Wednesday, 20 July 2011
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by Dmitri Davydov, UNICEF Supply Division and John Lloyd, PATH In partnership with the United Nations Children’s Fund (UNICEF), the Danish Technical University has begun a pro bono study on vaccine export packaging designs that would extend the safe, useful life of export packaging to allow for distribution beyond government central stores. Currently, vaccine packaging used for international distribution is not designed for journeys longer than 48 hours. However, vaccines are at risk where international transportation to hard-to-reach consignees exceeds the validated packaging performance limits, especially in the case of shipments to the West Bank and Gaza, Somalia, South Sudan, Lesotho, Timor Leste, and North Korea. In addition, countries lacking adequate cold transport capacity often reuse the packaging for in-country distribution, inadvertently putting vaccines at risk of thermal damage, reducing vaccine potency and effectiveness. Rather than making it more difficult for countries to reuse the export packaging, UNICEF, PATH, and the World Health Organization (WHO) are working on ways to extend its useful life so that it can be more safely reused to deliver vaccines from the government central stores to subnational locations. The Danish Technical University study is a first step in that direction, as it will identify engineering design concepts that address the needs of users at both the supplier and country levels and increase sustainability and shipping efficiency requirements (including sustainable alternatives to dry ice and efficient bulk factors). Further research will be made into options to reduce the total systems cost to the child, leveraging public-private partnership and innovative business models for manufacturing new designs, if applicable. Validated designs and a choice of acquisition mechanisms will be made available to the industry on an open-platform basis. Why longer-lasting export packaging is needed Each year UNICEF Supply Division oversees nearly 1,800 vaccine shipments to over 80 countries located mostly in Africa, Asia, and Eastern Europe. Sixteen suppliers use their own boxes based on WHO guidelines to pack and ship vaccines from their facilities on all continents except Australia directly to the recipient countries. Shipping boxes represent half of the total weight of vaccine shipments, as well as a share in vaccine cost. UNICEF pays for vaccine, its packaging, and for each kilo of air freight. Shipping boxes are designed to use passive coolants (e.g., gel/cool packs, ice packs, or dry ice, depending on the requirements for the particular vaccine and supplier choice) to maintain appropriate temperatures set by WHO guidelines on safe vaccine shipments (48 hours). Most suppliers use boxes that do not perform beyond 72 hours of temperature maintenance. Upon arrival, national ministries of health unpack vaccines for warehousing at central cold stores before repacking them again for in-country distribution (often combining more than one vaccine type in the same box). Countries are expected to procure and keep stock of reusable WHO Performance, Quality and Safety (PQS)-listed cold boxes for this purpose. However, with increased quantities of vaccines and bulkier packaging, countries need larger boxes for efficient distribution. Countries are partially solving this problem by reusing export packaging, but since the packaging is not currently designed for extended use, the practice can put vaccines at risk of exposure to heat or cold. While the presence of vaccine vial monitors on each vial helps detect undue exposure to heat, the damaging exposure to freezing temperatures continues to represent a serious risk to vaccine during in-country distribution. Expected impact of the solution Improved export packaging will provide many countries with a cost-effective and safe option for transporting vaccines from the national to subnational levels while simultaneously reducing the overall cost of distribution to the child. By extending the life span of shipping solutions, eliminating the need for redundant cold boxes, reducing weight/volumes per dose, and providing options for environmentally friendly disposal, the solution is environmentally sound as well. We encourage your questions or comments. Please click reply at the bottom of the page.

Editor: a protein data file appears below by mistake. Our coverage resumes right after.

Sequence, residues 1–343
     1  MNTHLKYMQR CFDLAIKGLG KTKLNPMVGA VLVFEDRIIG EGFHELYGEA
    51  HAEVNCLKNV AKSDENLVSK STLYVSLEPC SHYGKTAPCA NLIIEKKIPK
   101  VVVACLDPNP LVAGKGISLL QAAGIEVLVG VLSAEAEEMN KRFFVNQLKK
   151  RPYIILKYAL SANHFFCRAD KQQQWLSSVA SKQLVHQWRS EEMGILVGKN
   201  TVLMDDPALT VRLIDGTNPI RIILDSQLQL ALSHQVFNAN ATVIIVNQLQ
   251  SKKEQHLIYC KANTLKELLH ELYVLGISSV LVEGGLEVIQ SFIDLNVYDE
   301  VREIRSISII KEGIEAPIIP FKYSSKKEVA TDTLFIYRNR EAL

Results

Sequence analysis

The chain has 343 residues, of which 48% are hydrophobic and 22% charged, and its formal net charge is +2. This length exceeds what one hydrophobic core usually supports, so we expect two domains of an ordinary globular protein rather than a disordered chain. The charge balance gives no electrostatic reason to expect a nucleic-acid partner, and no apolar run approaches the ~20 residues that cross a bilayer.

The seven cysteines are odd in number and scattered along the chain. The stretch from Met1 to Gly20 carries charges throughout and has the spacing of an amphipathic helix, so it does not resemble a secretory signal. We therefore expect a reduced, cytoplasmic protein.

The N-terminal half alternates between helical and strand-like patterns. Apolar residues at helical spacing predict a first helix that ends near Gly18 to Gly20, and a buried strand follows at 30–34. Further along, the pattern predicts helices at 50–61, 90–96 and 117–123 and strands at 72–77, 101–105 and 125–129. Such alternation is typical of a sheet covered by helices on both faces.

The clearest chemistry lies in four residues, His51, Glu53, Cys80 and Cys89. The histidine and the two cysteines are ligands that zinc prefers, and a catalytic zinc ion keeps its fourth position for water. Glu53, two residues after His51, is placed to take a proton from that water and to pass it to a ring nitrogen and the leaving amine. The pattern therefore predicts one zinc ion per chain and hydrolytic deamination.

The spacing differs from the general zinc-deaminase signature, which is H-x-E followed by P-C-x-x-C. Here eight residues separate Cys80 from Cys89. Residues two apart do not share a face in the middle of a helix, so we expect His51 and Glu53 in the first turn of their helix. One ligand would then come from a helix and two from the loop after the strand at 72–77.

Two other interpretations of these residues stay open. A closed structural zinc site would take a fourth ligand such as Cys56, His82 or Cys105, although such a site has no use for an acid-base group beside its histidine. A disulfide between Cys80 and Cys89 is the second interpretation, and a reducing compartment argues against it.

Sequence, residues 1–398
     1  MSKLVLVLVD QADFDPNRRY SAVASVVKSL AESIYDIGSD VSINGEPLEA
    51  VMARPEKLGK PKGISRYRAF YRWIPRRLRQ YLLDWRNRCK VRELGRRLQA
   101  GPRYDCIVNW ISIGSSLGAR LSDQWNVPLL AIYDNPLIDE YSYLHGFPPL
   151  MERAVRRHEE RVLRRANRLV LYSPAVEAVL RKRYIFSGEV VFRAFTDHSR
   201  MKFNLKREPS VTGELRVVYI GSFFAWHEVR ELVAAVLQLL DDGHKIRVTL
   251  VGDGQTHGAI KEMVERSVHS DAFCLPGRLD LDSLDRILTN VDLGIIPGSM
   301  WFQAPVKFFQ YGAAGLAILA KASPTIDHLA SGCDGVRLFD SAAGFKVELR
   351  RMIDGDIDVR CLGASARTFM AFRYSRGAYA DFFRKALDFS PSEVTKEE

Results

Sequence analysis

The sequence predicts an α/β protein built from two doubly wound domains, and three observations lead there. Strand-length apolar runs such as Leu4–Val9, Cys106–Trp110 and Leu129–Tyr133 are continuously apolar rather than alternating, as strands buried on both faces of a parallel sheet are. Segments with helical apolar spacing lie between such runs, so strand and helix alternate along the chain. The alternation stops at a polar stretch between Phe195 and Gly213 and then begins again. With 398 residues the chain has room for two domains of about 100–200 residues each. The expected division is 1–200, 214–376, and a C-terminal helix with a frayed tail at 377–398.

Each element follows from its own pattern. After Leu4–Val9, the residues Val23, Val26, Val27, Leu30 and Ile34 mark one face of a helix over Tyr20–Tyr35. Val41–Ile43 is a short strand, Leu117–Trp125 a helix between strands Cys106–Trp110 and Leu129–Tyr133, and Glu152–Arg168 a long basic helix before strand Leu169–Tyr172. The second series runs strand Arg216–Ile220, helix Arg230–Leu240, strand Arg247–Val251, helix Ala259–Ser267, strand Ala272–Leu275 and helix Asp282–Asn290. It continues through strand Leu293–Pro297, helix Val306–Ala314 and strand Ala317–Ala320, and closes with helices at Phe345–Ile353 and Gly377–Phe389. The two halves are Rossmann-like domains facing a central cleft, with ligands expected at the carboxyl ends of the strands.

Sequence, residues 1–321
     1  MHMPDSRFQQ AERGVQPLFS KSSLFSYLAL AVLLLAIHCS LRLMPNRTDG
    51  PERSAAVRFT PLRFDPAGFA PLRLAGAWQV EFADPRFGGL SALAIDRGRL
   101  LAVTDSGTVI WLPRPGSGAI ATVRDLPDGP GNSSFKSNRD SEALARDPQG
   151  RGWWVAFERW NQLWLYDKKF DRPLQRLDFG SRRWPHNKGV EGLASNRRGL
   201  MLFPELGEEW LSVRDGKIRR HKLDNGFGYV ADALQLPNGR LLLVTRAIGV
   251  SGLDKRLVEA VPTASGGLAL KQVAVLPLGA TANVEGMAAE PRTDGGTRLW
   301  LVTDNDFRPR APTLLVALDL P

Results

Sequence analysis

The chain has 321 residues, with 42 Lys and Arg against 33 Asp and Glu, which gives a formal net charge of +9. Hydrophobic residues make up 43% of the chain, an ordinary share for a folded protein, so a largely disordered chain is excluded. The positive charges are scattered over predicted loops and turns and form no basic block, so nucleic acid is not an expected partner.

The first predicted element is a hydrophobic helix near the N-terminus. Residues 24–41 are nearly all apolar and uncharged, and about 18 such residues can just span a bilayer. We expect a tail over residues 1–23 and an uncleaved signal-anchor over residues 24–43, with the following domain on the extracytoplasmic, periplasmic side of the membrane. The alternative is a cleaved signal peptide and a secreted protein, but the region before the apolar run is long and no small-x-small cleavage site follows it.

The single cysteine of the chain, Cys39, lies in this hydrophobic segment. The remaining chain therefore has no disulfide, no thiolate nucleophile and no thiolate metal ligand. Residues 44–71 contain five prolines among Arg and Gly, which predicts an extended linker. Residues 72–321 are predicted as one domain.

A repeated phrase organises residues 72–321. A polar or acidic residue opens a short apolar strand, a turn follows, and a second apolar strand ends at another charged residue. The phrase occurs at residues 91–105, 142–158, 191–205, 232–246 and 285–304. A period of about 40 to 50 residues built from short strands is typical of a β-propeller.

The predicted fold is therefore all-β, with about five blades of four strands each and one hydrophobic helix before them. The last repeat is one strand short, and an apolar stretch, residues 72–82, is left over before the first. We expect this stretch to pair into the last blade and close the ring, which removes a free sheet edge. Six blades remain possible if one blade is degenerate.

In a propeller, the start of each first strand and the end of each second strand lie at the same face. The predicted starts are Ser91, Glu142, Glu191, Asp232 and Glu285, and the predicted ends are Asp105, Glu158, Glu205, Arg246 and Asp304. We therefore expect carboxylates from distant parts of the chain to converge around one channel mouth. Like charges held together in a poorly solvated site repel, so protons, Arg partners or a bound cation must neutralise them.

12 years ago
Wow! Nice to see Russian specialist on TechNet21. Yes, I'm absolutely agree with Dmitry and John! It's nice to have multi-use coldboxes. But looking for a good solution please do not forget: 1. Long distances (long transportation 72 to 96 hours) makes passive packaging very heavy. 2. Active containers, like envirotainers (with dry ice) are prohibited for internal air transportation because of dangerous substances (dry ice) and "old" regulating rules of air transportation. 3. Multi-use means getting back container! And how about logistics and return-cost? 4. Revalidation? After shipment and getting back - returned boxes looks not good (cardboxes with a halls, some of them dirty ... ) containers should be carefully inspected before re-use. 5. Ice-packs - to have a good performance they must be done with PCM (Phase Changing Material) But regularly in Africa children drinks water-ice-packs. 6. National laws and Sanitarian rules (In Russia container for internal transportation should be validated by Ministry of Health. And its a very long time and expensive procedure). Unfortunately we live in disposable world ... a lot of single use products makes our life simple, but expensive and harmful for environment. So idea is perfect, but should be carefully researched. Andrey Kuharenko
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